Bespoke training helps enhance safety at height
22 November 2016
Site safety is a key priority for Kier Construction, part of Kier Group and one of the major developers and leading operators in the UK construction sector. With building work booming in the capital, Kier Construction London partnered with Honeywell to develop a bespoke training package to raise awareness of onsite hazards and minimise risks during work at height operations.
Despite industry improvements over the past decade, the Health and Safety Executive reports that falls from height remains one of the biggest causes of fatalities and major injuries, with the UK construction sector having one of the highest fatality rates. Of the 217 fatalities reported in 2014/2015 for the last five years, almost half were caused by falls from height.
Kier Construction London recognised that the most effective way to achieve its goal of increasing on-site hazard awareness was to undergo a bespoke training course aimed specifically at project managers, site managers and supervisors as they were best placed to influence behaviour onsite. The training would also need to target subcontractors who would be handpicked to attend on the basis of their level of competence and ability.
The business required training that reflected relevant sections from the Work at Height Regulations (WaH) 2005 as well as supporting British standards backed up by practical exercises to reinforce the theory. The course also needed to build on the company’s minimum safety standards and guidelines, which exceed UK safety requirements, and support continual professional development (CPD) for its senior managers.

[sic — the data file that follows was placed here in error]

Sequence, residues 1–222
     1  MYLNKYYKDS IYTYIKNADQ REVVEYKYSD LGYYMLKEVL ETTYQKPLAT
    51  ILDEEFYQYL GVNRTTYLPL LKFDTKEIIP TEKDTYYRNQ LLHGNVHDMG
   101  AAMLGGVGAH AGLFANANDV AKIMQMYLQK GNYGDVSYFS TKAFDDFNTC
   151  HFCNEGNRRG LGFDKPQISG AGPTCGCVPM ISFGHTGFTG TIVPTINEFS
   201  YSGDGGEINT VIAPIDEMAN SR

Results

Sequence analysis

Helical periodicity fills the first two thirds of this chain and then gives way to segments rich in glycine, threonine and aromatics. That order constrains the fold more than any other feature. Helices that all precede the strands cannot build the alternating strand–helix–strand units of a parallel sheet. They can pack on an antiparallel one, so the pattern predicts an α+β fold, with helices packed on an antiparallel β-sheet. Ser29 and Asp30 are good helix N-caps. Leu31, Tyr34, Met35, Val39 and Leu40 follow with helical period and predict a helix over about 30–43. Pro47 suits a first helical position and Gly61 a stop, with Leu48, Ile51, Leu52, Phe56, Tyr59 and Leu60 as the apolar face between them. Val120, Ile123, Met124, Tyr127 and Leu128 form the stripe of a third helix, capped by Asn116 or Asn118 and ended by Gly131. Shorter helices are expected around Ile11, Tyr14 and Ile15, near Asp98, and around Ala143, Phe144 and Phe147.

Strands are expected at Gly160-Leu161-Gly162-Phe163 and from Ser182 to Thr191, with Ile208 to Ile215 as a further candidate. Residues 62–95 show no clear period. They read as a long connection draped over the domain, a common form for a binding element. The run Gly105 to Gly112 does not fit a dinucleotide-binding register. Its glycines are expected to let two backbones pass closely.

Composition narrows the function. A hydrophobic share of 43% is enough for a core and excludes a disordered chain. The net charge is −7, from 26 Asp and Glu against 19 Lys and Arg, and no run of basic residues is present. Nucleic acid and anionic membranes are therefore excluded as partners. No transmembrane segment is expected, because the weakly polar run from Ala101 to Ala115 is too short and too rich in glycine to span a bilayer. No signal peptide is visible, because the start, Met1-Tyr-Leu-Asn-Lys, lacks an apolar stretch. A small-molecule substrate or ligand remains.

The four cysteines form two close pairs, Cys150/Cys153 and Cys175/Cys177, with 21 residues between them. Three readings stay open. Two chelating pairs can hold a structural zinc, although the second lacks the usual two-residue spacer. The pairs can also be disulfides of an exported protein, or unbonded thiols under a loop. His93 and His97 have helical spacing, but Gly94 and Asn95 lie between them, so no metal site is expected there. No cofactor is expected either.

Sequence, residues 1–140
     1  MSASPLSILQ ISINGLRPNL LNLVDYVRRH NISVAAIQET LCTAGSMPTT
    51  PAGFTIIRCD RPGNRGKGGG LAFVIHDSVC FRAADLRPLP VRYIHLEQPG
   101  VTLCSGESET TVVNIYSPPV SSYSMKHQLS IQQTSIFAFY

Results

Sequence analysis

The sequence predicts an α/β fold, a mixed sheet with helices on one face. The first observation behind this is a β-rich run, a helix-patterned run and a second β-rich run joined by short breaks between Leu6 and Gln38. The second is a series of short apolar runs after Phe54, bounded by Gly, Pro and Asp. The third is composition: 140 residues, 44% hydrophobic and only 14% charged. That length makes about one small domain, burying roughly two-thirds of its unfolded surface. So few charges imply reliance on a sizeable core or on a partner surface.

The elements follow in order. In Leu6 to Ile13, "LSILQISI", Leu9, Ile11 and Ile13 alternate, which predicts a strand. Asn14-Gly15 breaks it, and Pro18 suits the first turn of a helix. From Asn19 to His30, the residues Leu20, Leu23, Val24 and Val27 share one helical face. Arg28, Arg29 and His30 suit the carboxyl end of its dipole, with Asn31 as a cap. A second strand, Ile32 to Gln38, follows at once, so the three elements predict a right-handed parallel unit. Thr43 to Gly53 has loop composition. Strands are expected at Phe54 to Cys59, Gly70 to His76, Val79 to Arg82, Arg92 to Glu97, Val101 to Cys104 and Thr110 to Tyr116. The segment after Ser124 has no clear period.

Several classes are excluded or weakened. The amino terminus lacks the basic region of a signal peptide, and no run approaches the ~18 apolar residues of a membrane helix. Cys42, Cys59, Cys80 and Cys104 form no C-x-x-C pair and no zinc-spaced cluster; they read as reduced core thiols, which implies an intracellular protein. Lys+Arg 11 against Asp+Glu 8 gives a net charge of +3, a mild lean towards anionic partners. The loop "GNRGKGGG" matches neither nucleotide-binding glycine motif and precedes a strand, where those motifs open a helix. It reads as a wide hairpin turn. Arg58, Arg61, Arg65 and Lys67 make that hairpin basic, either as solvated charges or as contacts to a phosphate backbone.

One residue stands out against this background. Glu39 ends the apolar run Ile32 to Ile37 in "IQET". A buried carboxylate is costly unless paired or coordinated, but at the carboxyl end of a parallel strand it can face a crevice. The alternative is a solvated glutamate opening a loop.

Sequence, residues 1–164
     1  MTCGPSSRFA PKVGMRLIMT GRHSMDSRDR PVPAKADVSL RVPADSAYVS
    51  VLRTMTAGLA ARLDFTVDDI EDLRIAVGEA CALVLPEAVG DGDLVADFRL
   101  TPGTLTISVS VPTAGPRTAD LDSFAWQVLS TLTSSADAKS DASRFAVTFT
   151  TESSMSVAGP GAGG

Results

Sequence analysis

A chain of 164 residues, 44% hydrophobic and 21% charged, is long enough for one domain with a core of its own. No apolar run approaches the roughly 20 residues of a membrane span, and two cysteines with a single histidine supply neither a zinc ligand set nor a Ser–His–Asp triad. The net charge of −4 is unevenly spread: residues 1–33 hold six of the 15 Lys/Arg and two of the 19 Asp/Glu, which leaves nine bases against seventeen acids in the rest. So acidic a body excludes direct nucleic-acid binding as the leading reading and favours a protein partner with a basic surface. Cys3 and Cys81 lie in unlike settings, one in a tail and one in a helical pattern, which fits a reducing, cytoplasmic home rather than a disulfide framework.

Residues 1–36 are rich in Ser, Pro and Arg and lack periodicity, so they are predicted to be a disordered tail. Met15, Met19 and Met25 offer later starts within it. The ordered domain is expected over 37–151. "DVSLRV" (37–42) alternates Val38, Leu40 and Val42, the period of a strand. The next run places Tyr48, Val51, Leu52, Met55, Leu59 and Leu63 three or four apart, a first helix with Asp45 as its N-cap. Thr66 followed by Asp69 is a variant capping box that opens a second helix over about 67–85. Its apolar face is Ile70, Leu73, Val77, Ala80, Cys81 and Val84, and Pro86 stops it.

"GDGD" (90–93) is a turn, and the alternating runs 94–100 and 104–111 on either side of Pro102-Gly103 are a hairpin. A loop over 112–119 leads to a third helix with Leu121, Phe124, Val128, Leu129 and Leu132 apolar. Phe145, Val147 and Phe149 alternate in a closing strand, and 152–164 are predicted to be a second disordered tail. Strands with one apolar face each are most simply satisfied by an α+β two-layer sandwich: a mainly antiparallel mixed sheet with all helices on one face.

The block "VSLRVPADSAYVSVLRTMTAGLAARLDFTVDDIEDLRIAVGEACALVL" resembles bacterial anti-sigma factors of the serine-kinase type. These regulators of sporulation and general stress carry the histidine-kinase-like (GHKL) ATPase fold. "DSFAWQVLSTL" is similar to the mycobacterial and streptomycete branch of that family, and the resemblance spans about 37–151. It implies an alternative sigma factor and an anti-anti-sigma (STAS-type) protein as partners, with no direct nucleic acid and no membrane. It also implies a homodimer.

Kier Construction London approached Honeywell Industrial Safety to seek help in designing a bespoke safety at height CPD training programme. Honeywell’s interactive Safety Centre in Northampton was identified as the most suitable location to provide the practical training.
Drawing on relevant sections from the WaH regulations 2005 and supporting British safety standards as well as on Kier’s safety guidelines, Honeywell’s safety trainers then designed a two day course, split into eight modules, covering areas including ‘selection of work equipment for WaH’, ‘falling objects and danger areas’ and ‘inspection of work equipment’.
The first course was delivered in January 2016 and was attended by members of Kier Construction London’s safety, health and environmental (SHE) department, who assessed the content and delivery and made adaptions to improve it for future delegates. The course continues to evolve and draws on the feedback from project managers, site managers and site supervisors who are able to reflect on their own personal experiences on-site and feed this into the course content.
The training uses interactive, classroom-based sessions to explore the regulations in detail before the delegates move next door to undertake practical exercises in the training facility. For instance, the theoretical section covers rescue training in detail and helps the delegates to understand the employer’s legal duties. The rescue section makes it clear that emergency services cannot be the first port of call when an incident happens and that each company needs to have its own rescue plan in place.